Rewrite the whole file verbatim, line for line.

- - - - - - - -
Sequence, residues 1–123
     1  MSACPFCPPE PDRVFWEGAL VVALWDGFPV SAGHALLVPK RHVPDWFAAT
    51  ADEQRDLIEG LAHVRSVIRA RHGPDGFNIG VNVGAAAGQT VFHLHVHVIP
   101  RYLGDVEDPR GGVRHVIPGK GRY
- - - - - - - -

Sequence, residues 1–123
     1  MSACPFCPPE PDRVFWEGAL VVALWDGFPV SAGHALLVPK RHVPDWFAAT
    51  ADEQRDLIEG LAHVRSVIRA RHGPDGFNIG VNVGAAAGQT VFHLHVHVIP
   101  RYLGDVEDPR GGVRHVIPGK GRY